Most Detroit households should see some relief on their property assessments this year.
Mayor Mike Duggan’s office says about three-quarters of households should see their assessments knocked down 10-20%. Outside of 25 “stable neighborhoods” where the city believes property values are truly on the rise, all city homeowners should see some kind of relief.
Detroit homeowners have complained for years about inflated assessments that drive up property taxes to unaffordable levels.
“For far too long, residents of this city have been over-assessed,” said Detroit City Council member Mary Sheffield. “And it’s time that we addressed the issue. If we’re going to attract people, we also need to focus on retaining residents that have been here long-term.”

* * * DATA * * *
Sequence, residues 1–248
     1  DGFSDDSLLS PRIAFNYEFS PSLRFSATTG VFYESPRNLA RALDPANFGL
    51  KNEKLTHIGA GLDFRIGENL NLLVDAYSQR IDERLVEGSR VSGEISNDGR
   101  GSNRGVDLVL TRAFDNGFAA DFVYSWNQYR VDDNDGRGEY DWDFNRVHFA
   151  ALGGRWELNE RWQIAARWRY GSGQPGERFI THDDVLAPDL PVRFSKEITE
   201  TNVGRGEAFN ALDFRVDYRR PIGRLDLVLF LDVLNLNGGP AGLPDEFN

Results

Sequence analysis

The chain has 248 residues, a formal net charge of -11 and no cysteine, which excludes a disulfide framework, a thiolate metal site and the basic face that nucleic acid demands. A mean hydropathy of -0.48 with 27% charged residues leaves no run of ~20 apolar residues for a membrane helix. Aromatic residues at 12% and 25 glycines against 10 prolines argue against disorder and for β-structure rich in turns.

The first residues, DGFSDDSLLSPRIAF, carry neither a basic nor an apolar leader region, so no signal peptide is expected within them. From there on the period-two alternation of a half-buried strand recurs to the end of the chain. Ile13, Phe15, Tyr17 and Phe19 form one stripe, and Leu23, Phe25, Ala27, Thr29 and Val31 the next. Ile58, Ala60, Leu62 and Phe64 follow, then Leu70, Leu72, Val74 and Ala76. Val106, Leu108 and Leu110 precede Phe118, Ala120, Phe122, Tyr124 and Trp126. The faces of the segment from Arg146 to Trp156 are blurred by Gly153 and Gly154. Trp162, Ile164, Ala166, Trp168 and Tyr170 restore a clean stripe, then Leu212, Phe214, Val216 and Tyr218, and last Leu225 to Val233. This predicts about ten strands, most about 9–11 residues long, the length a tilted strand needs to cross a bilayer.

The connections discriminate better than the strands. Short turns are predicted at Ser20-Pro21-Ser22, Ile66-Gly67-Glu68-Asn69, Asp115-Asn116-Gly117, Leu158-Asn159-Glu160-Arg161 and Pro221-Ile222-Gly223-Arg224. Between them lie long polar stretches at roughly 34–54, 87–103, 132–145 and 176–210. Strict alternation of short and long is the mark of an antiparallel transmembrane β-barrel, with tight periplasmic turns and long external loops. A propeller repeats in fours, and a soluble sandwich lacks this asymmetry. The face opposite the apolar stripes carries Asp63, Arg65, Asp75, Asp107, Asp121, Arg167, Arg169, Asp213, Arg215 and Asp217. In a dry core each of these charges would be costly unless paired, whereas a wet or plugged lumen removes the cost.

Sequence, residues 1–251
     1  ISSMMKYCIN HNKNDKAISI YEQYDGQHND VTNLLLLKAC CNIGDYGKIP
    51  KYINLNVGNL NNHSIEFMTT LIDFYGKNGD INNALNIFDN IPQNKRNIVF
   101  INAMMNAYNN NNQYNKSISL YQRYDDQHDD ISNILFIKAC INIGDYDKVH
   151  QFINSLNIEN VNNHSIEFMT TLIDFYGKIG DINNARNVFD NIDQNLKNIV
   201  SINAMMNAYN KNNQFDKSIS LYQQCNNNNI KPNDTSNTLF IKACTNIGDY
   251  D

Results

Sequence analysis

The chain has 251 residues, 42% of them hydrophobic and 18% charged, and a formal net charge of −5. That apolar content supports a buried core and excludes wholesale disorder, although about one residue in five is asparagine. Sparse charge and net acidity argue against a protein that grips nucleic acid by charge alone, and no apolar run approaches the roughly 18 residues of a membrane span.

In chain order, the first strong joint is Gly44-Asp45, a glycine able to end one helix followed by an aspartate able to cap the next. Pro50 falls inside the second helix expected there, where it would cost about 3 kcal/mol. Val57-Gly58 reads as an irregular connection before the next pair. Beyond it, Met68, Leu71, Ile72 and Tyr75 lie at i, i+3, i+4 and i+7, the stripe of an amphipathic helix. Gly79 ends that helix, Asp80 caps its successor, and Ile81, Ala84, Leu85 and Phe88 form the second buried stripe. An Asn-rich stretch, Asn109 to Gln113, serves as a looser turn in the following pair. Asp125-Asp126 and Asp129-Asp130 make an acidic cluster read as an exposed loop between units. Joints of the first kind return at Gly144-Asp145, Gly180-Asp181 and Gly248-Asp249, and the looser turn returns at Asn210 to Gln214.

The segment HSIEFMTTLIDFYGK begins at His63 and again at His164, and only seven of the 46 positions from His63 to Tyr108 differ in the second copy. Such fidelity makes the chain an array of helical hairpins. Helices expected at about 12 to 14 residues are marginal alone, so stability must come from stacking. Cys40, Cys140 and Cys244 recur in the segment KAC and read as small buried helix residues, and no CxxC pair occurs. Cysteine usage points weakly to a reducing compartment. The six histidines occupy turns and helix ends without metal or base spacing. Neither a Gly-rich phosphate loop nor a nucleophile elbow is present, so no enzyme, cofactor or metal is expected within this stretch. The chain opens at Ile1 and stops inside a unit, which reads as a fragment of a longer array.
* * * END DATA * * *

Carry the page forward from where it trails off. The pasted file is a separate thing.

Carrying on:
Detroit is in the midst of a complete city-wide reassessments on all properties, the first in 50 years. But it won’t be completed until late 2016.
Duggan believes there’s evidence the city will actually collect more property tax revenue as a result of the cuts. He said that’s what seems to have happened after many assessments were cut last year.
“We believe that if you assess people honestly, people will pay their bills,” Duggan said. “Our property tax revenues are coming in well above projections.”
Dugan admits this won’t do anything to help the 62,000 Detroit properties facing tax foreclosure this year. “But the really good news is, we think we are going to significantly reduce the number of people who can’t pay their tax bills going forward,” he said.